Cara Black. Murder in Pigalle. New York: Soho Crime, 2014. 310 pages. ISBN 9781616952846.
Murder in Pigalle is the latest in a series of mysteries set in Paris with Private Investigator Aimée Leduc as the main character. Aimée and her partner usually investigate cyber crimes, but she's drawn into a criminal investigation when her friends ask her for help finding their daughter who has disappeared. Zazie, who's 13 years old, has been obsessed with a series of rapes that have taken place over the last six months. One of the victims was Zazie's friend Melanie, and Zazie is determined to find the perpetrator. As Aimée digs deeper into the circumstances of Zazie's disappearance, she uncovers evidence of a much broader conspiracy.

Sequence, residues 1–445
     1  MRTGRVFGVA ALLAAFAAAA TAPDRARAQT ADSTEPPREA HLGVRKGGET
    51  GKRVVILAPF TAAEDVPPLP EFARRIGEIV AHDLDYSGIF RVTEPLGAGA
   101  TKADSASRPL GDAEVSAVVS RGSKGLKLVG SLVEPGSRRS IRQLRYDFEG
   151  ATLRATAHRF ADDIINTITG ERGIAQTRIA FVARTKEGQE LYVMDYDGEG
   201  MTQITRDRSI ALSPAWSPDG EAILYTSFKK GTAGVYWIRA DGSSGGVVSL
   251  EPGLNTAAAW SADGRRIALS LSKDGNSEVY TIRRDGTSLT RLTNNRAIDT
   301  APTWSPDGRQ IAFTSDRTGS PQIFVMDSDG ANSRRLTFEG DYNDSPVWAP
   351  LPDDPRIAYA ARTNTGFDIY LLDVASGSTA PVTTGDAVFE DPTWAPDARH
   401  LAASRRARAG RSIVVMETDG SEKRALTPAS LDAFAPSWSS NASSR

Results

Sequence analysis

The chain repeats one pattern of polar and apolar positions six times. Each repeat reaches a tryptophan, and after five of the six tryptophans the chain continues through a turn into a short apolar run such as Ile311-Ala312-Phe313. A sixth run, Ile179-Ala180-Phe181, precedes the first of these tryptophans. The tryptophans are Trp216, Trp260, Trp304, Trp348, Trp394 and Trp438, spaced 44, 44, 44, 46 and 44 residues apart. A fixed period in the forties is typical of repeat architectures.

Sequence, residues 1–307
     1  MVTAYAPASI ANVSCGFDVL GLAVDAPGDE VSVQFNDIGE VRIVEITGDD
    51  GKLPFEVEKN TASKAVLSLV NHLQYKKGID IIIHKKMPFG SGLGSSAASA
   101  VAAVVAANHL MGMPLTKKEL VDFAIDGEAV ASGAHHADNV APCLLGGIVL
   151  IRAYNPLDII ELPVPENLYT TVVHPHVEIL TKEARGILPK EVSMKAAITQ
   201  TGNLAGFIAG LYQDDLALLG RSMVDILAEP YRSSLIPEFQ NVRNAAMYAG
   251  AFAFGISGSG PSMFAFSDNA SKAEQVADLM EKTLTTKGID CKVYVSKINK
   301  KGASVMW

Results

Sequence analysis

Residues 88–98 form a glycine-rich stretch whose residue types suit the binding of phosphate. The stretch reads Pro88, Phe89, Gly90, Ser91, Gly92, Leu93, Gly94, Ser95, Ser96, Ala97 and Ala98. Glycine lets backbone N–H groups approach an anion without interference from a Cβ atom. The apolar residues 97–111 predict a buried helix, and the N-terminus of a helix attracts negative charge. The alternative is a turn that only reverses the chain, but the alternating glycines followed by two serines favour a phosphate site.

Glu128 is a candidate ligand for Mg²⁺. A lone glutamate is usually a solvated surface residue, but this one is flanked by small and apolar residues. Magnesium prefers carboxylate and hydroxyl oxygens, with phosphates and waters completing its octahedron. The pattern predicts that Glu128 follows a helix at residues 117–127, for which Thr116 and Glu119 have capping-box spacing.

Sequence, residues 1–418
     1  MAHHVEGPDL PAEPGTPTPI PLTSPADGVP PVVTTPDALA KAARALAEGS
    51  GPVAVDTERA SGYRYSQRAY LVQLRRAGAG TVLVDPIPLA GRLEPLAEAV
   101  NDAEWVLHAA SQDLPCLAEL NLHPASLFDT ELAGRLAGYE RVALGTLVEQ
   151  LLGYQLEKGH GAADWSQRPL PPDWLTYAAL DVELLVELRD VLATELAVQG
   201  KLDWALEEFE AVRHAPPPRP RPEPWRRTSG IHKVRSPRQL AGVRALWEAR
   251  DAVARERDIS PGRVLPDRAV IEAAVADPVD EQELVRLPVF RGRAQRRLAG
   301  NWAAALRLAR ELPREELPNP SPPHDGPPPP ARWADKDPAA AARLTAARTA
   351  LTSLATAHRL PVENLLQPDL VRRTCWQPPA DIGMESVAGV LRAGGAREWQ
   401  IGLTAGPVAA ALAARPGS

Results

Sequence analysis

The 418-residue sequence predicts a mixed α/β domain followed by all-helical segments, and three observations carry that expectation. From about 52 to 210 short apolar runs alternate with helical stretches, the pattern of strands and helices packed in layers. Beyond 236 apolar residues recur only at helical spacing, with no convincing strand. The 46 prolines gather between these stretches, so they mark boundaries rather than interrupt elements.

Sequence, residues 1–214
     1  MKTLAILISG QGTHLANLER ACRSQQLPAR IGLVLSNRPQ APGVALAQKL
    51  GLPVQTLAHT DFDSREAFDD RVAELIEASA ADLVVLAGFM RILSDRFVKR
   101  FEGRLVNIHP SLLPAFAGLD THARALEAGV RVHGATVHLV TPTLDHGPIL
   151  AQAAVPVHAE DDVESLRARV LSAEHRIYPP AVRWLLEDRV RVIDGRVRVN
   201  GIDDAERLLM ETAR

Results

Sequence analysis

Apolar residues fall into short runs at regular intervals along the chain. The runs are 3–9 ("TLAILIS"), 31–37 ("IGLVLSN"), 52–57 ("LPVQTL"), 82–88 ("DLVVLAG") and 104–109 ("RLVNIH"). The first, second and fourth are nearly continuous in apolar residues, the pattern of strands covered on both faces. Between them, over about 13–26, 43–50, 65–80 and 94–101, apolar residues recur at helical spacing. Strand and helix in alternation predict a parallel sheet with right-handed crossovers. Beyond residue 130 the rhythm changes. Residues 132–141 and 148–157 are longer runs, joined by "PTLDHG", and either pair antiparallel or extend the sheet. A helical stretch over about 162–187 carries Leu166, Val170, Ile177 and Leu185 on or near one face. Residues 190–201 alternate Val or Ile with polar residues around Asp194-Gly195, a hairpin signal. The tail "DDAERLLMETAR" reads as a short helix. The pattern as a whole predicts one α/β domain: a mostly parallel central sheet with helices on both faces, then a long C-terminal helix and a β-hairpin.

While I found Murder in Pigalle to be an amusing diversion, I don't think the writing is particularly strong. The book races along at a breakneck pace, with the characters running from one action-packed scene to the next. There is little reflection and there is almost no development of the characters or what makes them tick. The author drops in short French phrases and words throughout, which I found annoying after a while. Readers of this type of light mystery will likely enjoy this book, but I wouldn't particularly recommend it.